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1. Constitutional Law--standing to challenge business incentives--increased tax burden
Plaintiffs' status as taxpayers who suffered an increased tax burden from incentives given for locating a computer manufacturing facility in North Carolina was sufficient to provide standing for claims under the Public Purpose and Exclusive Emoluments Clauses of the North Carolina Constitution.
2. Constitutional Law--standing to challenge business incentives--no showing of
membership in prejudiced class
Plaintiffs lacked standing to bring claims under the Uniformity of Taxation clause of the North Carolina Constitution and the Dormant Commerce clause of the United States Constitution challenging incentives given for locating a computer manufacturing facility in North Carolina. Plaintiffs have not demonstrated that they belong to a class prejudiced by the operation of the legislation.
3. Constitutional Law--business incentives--Public Purpose Clauses--failure to state a
The trial court did not err by concluding that plaintiffs failed to state a claim for relief under the Public Purpose Clauses of the North Carolina Constitution in an action opposing incentives given to a computer company for locating a manufacturing facility in North Carolina. Plaintiffs' complaint focused exclusively on the purported benefits provided to the company and contained no allegations that the legislative bodies were not acting with a motivation to increase the tax base or alleviate unemployment and fiscal distress.
4. Constitutional Law--business incentives--Exclusive Emoluments
The trial court did not err by concluding that plaintiffs failed to state a claim for relief under the Exclusive Emoluments Clause of the North Carolina Constitution in an action challenging incentives given to a computer company to locate a manufacturing facility in North Carolina. The incentives and subsidies in this case are intended to promote the general economic welfare of the communities involved rather than to solely benefit the company, and do not amount to exclusive emoluments.
North Carolina Institute for Constitutional Law, by Robert F.
Orr, Pamela B. Cashwell, and Jeanette Doran Brooks, for
Attorney General Roy Cooper, by Special Deputy Attorney General Norma S. Harrell and Assistant Solicitor General John F. Maddrey, for State defendants-appellees.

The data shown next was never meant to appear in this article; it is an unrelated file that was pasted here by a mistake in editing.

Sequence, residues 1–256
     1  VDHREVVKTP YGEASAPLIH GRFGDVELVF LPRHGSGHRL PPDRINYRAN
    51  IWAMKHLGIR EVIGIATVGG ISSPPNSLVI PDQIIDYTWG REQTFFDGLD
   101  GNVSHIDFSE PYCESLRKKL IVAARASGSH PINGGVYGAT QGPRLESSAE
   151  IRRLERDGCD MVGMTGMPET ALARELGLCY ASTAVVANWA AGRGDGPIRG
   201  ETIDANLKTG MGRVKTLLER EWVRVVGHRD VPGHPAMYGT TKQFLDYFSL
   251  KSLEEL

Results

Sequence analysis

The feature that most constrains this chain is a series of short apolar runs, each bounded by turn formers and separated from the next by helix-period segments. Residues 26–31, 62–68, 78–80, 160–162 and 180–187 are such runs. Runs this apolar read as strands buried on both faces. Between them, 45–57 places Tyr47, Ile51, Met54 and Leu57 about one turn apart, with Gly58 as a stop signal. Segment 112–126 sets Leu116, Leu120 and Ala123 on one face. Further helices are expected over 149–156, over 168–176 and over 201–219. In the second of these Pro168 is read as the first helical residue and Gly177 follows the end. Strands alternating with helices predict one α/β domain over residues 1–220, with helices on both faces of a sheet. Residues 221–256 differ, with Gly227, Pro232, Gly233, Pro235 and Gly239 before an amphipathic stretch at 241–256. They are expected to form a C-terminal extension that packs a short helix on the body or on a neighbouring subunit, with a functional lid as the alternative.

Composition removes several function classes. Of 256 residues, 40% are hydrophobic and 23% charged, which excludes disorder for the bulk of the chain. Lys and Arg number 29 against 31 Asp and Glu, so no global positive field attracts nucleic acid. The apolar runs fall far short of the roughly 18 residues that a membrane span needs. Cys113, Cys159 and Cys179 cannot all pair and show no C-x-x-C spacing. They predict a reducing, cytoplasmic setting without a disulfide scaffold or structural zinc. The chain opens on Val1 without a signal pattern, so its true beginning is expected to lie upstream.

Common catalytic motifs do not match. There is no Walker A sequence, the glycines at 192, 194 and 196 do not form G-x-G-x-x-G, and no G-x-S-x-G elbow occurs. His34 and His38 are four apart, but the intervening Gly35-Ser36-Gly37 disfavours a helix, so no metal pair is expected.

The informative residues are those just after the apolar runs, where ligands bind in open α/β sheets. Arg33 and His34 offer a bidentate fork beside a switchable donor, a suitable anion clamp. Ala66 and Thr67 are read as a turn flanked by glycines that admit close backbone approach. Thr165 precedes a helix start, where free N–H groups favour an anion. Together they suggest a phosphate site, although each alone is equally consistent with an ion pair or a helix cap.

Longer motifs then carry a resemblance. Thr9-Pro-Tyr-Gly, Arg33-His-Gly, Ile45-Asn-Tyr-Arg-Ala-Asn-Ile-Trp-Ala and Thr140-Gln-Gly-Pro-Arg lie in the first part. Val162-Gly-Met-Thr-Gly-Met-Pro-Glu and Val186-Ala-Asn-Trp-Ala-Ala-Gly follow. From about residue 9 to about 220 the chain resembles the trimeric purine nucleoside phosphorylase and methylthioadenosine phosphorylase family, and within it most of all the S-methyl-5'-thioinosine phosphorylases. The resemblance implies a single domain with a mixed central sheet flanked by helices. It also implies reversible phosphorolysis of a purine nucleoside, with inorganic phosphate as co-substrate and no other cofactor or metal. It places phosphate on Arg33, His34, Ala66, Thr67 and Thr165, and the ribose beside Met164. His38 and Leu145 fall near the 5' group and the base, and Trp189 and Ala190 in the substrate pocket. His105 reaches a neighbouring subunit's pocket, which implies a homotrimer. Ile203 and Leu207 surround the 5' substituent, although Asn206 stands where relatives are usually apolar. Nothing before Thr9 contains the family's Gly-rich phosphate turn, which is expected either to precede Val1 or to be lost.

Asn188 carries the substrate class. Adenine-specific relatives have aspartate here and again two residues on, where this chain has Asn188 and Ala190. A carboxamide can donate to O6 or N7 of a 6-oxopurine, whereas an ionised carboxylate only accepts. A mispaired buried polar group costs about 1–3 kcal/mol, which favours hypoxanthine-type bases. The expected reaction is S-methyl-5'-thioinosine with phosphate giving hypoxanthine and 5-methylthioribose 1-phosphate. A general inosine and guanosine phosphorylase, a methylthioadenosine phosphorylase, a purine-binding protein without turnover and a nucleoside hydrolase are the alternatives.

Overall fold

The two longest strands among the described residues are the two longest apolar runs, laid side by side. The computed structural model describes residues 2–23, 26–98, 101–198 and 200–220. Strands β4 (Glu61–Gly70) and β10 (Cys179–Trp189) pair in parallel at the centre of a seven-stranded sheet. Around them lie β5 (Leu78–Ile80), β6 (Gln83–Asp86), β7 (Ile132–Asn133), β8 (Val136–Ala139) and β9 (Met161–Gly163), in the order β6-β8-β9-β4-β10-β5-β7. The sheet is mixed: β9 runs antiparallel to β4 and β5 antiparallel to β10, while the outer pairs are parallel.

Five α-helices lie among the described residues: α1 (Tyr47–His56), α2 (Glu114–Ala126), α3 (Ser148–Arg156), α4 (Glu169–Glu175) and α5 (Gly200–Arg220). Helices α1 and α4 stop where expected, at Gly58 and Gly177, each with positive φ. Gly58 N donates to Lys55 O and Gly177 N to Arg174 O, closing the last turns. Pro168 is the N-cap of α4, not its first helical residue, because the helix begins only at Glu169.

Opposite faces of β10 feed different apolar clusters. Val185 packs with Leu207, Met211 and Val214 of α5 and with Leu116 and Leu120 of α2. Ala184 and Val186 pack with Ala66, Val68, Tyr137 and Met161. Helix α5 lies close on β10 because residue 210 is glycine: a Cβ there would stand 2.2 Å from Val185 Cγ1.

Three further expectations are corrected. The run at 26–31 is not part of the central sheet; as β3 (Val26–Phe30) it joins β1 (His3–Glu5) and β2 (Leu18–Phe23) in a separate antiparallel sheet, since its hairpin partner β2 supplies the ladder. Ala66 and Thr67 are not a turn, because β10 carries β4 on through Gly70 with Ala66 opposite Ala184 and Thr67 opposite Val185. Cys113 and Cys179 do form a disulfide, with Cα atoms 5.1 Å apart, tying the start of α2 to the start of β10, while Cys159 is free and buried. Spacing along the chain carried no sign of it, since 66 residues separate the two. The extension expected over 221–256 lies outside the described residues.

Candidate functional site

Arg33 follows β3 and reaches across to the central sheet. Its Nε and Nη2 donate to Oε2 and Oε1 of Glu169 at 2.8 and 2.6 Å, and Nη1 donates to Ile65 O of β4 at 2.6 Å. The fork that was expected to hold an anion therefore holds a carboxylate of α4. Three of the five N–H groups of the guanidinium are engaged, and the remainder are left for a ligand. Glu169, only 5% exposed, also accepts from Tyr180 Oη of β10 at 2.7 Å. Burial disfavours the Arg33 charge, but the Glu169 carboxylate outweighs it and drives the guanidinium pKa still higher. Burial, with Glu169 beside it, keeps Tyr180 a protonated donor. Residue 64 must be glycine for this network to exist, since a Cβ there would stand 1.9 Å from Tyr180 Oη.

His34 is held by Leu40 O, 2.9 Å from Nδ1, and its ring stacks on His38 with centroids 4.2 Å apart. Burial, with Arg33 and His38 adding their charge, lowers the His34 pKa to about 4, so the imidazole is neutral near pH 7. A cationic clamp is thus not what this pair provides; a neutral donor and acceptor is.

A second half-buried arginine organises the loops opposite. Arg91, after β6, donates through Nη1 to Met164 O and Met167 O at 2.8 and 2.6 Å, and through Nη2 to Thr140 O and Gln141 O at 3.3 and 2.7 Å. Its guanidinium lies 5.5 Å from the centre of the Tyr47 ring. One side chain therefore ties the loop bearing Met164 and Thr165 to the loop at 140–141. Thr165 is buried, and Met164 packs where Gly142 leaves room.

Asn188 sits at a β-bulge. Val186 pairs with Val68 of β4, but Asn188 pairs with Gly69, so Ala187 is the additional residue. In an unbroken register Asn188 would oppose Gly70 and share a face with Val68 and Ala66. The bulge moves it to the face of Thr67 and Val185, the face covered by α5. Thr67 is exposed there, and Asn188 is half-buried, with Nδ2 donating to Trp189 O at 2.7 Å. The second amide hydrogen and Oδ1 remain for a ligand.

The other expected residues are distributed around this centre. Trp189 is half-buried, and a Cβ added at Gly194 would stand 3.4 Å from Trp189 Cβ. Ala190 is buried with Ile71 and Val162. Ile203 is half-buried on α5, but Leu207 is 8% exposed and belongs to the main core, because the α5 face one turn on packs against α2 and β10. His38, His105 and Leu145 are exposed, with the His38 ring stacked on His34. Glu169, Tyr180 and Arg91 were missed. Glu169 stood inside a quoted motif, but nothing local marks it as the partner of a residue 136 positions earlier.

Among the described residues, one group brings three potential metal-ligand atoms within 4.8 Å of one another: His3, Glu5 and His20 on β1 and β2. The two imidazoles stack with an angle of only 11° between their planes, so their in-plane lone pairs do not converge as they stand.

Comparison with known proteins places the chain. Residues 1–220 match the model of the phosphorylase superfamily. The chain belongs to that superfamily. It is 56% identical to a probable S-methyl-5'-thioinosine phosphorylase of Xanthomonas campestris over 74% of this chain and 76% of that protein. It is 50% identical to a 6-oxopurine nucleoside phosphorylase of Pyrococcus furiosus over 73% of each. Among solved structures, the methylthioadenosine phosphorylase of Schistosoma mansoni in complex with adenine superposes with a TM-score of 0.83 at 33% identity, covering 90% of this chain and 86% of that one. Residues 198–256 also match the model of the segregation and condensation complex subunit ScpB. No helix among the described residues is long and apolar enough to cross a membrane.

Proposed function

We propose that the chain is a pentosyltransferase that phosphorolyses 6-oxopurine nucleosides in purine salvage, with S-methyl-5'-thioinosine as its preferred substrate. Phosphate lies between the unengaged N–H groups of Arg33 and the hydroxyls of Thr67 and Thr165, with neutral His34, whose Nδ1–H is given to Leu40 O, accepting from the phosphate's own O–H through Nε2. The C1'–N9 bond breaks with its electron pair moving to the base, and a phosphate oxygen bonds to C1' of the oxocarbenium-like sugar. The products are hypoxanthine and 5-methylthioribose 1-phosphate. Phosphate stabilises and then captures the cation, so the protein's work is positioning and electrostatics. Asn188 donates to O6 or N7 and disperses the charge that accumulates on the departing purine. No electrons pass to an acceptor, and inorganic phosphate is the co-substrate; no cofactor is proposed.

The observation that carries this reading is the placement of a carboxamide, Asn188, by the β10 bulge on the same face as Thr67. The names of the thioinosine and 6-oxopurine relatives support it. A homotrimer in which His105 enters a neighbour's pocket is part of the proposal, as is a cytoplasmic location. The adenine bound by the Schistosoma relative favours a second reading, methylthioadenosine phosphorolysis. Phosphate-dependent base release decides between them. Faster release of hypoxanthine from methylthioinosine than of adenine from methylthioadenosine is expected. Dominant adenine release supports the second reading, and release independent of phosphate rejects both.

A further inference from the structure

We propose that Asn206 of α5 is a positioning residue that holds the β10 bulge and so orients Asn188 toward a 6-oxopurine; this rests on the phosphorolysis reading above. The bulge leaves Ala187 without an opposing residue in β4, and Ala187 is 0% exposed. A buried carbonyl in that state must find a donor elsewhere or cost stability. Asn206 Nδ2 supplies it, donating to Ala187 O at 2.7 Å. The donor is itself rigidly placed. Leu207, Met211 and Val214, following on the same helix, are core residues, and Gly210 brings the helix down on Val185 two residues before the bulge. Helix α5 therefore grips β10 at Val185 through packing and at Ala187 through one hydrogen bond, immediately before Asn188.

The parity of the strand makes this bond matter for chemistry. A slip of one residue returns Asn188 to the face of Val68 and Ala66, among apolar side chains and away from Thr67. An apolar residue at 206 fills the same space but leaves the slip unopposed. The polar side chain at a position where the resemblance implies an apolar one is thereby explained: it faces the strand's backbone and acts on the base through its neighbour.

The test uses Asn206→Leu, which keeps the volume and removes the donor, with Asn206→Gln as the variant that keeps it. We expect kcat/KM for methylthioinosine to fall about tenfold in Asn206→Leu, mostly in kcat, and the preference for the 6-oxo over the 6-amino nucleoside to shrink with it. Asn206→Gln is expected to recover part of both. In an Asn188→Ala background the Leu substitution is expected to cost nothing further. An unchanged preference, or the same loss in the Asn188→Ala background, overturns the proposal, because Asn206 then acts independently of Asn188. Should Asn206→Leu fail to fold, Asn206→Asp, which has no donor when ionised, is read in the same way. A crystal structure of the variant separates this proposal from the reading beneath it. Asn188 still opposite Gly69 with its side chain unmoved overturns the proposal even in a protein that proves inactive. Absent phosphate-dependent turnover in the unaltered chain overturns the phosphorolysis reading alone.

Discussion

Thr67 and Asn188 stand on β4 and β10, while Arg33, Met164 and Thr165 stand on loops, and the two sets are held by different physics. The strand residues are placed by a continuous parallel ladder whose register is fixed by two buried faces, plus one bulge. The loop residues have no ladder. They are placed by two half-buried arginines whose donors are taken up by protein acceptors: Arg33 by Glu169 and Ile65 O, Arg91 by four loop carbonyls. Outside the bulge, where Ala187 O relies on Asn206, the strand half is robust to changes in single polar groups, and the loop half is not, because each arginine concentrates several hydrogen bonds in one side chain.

Kilpatrick Stockton LLP, by J. Robert Elster, Adam H. Charnes, and Stephen T. Inman; Winston-Salem City Attorney Ronald G. Seeber; and Forsyth County Attorney Davida W. Martin; for defendants-appellees City of Winston-Salem, Allen Joines, Forsyth County, Gloria D. Whisenhunt, The Millenium Fund, Winston-Salem Business, Inc., and The Winston-Salem Alliance.
Womble Carlyle Sandridge & Rice, PLLC, by Burley B. Mitchell, Jr., Pressly M. Millen, Sean E. Andrussier, and Melody Ray- Welborn; and Jones Day, by Michael A. Carvin; for defendant- appellee Dell, Inc.
"Today, every state provides tax and other economic incentives as an inducement to local industrial location and expansion." Walter Hellerstein & Dan T. Coenen, Commerce Clause Restraints on State Business Development Incentives, 81 Cornell L. Rev. 789, 790 (1996). In a reprise of Maready v. City of Winston-Salem, 342 N.C. 708, 467 S.E.2d 615 (1996), plaintiffs challenge incentives _ provided by the General Assembly and defendants City of Winston- Salem and Forsyth County _ that benefitted defendant Dell, Inc. when it constructed a computer manufacturing facility in Forsyth County. Whether these incentives are lawful under the North Carolina Constitution was settled by Maready and this Court's subsequent decision in Peacock v. Shinn, 139 N.C. App. 487, 533 S.E.2d 842, appeal dismissed and disc. review denied, 353 N.C. 267, 546 S.E.2d 110 (2000). We are not free to revisit the reasoning or holdings of those opinions. To the extent plaintiffs question the wisdom of the incentives and whether they will in fact provide the public benefit promised, they have sought relief in the wrong forum. Once the Supreme Court held in Maready that economic incentives to recruit business to North Carolina involve a proper public purpose, it became the role of the General Assembly and the Executive Branch _ and not the courts _ to determine whether such incentives are sound public policy. We are bound by Maready and Peacock and, therefore, affirm the trial court's decision dismissing plaintiffs' complaint.